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September 1960

Learning and Retention in Monkeys After Amygdala-Hippocampus Resection

Author Affiliations

Chicago; Montreal

Arch Neurol. 1960;3(3):230-251. doi:10.1001/archneur.1960.00450030008002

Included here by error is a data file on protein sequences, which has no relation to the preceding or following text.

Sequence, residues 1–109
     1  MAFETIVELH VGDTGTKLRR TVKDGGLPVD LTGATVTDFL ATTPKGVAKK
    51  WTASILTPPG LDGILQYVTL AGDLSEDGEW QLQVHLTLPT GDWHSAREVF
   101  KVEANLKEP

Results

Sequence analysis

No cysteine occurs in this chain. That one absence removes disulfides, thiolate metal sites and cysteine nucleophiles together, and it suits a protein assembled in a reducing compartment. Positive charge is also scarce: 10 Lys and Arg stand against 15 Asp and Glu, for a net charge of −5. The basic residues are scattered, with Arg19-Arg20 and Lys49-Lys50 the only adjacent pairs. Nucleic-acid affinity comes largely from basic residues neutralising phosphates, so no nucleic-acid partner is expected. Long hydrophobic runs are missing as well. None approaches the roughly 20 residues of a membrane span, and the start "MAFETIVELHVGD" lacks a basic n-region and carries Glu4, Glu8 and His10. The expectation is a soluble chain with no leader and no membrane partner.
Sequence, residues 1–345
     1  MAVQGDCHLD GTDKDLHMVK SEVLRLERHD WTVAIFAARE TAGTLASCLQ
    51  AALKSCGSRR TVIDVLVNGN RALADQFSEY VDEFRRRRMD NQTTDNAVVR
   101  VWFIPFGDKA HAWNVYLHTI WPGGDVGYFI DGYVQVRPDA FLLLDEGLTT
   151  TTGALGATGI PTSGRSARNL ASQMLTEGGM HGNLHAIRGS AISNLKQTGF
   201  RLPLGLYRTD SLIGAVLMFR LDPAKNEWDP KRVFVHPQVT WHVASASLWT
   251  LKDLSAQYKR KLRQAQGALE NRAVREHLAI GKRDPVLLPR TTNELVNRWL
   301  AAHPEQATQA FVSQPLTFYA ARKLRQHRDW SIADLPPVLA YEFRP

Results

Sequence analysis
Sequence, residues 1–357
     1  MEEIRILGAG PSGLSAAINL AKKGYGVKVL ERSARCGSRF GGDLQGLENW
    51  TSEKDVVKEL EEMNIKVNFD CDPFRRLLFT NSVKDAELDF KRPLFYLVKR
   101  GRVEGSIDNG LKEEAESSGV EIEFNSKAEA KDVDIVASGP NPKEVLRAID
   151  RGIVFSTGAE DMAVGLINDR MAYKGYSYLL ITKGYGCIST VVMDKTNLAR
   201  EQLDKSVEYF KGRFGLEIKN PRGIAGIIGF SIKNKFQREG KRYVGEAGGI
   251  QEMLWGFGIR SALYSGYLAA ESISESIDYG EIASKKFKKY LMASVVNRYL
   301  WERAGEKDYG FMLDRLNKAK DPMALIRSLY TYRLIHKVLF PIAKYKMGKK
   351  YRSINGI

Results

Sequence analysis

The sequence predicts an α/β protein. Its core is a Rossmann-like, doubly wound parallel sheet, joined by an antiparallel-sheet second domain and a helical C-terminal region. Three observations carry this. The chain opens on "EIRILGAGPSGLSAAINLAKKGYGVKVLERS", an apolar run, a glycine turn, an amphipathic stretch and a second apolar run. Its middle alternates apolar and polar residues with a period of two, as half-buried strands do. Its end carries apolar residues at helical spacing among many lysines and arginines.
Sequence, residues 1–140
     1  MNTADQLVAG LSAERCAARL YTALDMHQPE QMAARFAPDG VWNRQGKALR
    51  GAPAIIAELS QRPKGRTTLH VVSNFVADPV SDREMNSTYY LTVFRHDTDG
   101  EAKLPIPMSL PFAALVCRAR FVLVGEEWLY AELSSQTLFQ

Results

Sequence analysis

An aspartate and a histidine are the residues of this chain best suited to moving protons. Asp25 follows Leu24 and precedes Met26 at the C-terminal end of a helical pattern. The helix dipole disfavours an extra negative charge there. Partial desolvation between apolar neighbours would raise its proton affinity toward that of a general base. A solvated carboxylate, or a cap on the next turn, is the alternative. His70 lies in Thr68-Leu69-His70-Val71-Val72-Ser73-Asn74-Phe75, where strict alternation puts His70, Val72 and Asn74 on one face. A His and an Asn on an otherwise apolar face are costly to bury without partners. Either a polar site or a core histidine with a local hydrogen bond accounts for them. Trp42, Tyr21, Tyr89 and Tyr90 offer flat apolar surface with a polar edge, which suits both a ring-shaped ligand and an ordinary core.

In 1899 Bechterew3 demonstrated a case of bilateral softening of the gyrus uncinatus and cornu ammonis before members of the St. Petersburg Clinic and drew attention to the prominent memory disturbances. Over 50 years later, Glees and Griffith8 described an instance of dementia with bilateral destruction of the hippocampus and hippocampal gyrus in which recent memory impairment was an early and prominent symptom. They concluded on the basis of the necropsy material that the integrity of the region of the hippocampus is necessary for the maintenance of recent memory. Since then, a series of clinical studies has provided corroborative evidence and has extended these findings. In 1954, Scoville35 reported a grave loss of recent memory in one epileptic and one psychotic patient after bilateral surgical removal of the uncus, hippocampus, and hippocampal gyrus. Formal memory and intelligence testing of eight similar patients again indicated impairment in recent

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